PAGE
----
When JOMO meets FOMO

This weekend PBS will show the final episode of Downton Abbey.  I can report that I have kept my New Year’s resolution not to watch this season.  If anyone suspected self-righteousness in my motives for this resolution, let me also report that I’m spending this weekend binge watching the new season of House of Cards, having just finished all five seasons of the French cop series Engrenages (called Spiral on Netflix).  If this season of House of Cards is as disappointing as last season, I probably won’t be back for the next.  So far (episode 3) Frank and Clair are in top form trying to destroy each other.

I do wonder, however, whether the unscrupulous lawyer Joséphine Karlsson in Spiral or even the morally rigid judge François Roban could outwit the Underwoods.  Whereas the Underwoods use power to gain more power, Karlsson and Roban make their way through a corrupt system from positions of weakness.  Roban, in particular, challenges people like the Underwoods again and again, sometimes losing, sometimes winning, but surviving despite their best efforts to destroy him.  Karlsson frequently finds herself in physical danger because of her criminal clients and in danger of arrest or losing her license because of her latest illegal manoeuvre, but she uses her wits to find a way out of these holes she’s dug for herself.  By the end of season 5 she’s risen to the board of directors of a prestigious law firm, only to ….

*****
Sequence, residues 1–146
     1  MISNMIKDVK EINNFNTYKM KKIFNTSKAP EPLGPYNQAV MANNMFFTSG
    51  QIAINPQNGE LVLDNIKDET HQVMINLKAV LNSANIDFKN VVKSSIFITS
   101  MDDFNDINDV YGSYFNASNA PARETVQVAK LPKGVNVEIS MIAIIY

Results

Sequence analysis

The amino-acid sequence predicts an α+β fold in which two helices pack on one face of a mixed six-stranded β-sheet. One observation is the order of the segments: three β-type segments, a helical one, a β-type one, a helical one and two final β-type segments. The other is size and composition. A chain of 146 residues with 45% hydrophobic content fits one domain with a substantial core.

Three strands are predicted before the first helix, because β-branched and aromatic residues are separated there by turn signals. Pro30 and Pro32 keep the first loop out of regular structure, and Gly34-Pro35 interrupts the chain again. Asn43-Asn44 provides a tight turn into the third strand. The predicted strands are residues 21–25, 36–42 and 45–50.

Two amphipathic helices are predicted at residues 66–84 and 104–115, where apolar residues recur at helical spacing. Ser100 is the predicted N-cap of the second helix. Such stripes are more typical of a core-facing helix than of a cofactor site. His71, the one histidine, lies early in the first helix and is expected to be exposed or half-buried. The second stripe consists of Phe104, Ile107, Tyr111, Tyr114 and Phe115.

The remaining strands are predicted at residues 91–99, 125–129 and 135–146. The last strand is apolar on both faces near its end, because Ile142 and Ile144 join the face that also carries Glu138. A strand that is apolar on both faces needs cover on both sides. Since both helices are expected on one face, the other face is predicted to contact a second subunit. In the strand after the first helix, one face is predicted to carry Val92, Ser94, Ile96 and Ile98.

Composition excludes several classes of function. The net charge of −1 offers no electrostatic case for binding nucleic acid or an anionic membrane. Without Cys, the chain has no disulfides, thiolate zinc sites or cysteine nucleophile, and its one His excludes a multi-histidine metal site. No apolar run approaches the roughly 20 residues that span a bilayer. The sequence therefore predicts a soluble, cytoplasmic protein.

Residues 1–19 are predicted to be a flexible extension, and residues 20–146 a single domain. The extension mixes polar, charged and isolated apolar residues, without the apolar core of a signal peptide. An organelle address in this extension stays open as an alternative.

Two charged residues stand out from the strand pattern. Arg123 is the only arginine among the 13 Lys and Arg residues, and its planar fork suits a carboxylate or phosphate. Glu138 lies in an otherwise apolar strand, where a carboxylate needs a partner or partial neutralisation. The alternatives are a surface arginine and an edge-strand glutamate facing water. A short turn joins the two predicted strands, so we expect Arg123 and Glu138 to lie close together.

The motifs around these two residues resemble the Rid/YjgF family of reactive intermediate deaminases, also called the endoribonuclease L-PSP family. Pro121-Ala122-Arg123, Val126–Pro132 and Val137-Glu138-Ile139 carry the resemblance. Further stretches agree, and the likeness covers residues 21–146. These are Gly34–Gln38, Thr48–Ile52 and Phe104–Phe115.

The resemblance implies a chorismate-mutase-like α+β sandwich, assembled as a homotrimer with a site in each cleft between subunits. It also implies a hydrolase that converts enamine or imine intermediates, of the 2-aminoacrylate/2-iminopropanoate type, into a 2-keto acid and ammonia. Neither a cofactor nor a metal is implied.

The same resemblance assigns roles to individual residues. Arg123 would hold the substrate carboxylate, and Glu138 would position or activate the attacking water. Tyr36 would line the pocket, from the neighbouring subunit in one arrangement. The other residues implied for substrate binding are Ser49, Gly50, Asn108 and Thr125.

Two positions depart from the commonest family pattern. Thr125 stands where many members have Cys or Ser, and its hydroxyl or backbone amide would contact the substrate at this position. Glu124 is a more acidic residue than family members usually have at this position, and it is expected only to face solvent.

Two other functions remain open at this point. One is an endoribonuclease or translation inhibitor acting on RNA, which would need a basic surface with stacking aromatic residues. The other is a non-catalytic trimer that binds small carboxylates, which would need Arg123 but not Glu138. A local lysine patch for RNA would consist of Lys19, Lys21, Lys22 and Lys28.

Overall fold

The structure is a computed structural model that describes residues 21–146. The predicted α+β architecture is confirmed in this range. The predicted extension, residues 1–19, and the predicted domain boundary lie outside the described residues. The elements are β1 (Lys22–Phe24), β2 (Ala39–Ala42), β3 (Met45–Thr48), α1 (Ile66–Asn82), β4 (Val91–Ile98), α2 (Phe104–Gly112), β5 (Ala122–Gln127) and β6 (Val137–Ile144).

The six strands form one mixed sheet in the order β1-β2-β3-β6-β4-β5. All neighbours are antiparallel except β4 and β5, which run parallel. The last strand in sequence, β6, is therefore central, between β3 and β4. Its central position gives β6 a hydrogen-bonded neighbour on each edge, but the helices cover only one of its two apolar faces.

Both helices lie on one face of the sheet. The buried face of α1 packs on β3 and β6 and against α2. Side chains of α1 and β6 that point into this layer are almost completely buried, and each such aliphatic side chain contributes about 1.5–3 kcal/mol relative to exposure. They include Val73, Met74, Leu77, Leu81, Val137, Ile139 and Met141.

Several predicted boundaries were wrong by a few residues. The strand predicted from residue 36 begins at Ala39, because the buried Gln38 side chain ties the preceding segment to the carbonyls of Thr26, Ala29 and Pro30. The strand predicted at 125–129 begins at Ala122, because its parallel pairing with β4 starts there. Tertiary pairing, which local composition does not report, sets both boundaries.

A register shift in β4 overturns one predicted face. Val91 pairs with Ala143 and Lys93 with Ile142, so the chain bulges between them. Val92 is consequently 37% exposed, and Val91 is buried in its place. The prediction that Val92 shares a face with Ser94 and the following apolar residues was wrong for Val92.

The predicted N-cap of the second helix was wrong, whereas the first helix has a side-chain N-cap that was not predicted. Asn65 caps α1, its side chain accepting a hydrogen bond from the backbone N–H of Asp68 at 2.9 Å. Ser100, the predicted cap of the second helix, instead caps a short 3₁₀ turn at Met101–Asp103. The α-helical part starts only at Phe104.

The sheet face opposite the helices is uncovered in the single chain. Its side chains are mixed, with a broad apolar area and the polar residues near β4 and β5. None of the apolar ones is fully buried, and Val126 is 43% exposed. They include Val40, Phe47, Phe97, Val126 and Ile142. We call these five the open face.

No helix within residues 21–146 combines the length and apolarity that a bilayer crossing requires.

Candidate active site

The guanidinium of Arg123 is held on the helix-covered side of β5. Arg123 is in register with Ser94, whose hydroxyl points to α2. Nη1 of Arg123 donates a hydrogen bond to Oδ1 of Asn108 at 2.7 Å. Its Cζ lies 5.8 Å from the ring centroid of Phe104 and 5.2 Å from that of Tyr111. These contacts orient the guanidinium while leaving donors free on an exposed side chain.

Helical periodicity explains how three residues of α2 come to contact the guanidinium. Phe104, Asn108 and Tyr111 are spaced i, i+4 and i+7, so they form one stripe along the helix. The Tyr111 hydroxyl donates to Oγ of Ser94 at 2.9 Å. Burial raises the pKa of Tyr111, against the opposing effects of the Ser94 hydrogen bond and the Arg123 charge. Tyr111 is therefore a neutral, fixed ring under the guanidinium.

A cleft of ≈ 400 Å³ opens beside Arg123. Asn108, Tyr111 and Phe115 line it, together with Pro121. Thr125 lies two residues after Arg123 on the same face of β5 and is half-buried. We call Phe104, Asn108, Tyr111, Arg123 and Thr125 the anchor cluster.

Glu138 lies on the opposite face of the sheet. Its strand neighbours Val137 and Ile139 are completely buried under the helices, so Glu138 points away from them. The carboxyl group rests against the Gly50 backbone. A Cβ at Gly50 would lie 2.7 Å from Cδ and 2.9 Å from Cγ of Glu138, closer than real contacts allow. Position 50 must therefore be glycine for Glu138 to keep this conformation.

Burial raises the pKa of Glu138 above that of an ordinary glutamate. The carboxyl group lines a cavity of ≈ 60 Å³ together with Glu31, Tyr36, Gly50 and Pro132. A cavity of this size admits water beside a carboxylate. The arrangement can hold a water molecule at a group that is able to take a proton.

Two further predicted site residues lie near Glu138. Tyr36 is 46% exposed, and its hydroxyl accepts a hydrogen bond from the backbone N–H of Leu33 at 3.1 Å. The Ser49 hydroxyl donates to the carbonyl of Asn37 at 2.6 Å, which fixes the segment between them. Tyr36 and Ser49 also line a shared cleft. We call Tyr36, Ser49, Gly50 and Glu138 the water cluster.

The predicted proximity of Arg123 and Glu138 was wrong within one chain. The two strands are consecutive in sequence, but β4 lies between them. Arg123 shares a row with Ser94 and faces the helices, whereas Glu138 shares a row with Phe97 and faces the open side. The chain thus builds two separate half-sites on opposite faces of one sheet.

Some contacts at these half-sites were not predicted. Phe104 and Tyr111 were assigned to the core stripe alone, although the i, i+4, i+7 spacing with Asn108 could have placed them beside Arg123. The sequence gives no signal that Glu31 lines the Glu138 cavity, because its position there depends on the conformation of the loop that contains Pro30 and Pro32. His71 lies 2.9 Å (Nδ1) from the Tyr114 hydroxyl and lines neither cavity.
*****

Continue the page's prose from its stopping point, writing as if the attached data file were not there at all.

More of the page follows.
I don’t mean to give the impression that I’ve spent all my time these last few months just watching TV, but I won’t bore you here with my studies on the Buddhist teaching of dependent co-origination  My point is I haven’t been sitting around wondering what I’ve been missing on Downton Abbey.  If I had watched this last season, it would have only been for fear of missing out (FOMO), a real danger in this age of the internet and social media.  FOMO is what kept me watching the Sopranos despite repeated disappointment.  Rather I’ve been feeling the joy of missing out (JOMO).  As Anil Dash the inventor of the term JOMO puts it:

I wasn’t missing anything. … I was not only not in fear, but actually in a state of joy ….

There can be, and should be, a blissful, serene enjoyment in knowing, and celebrating, that there are folks out there having the time of their life at something that you might have loved to, but are simply skipping.

Another activity that’s kept me busy is listening to podcasts.  The podcast Note to Self has a fascinating conversation between Anil Dash and Caterina Fake, who came up with the term FOMO.

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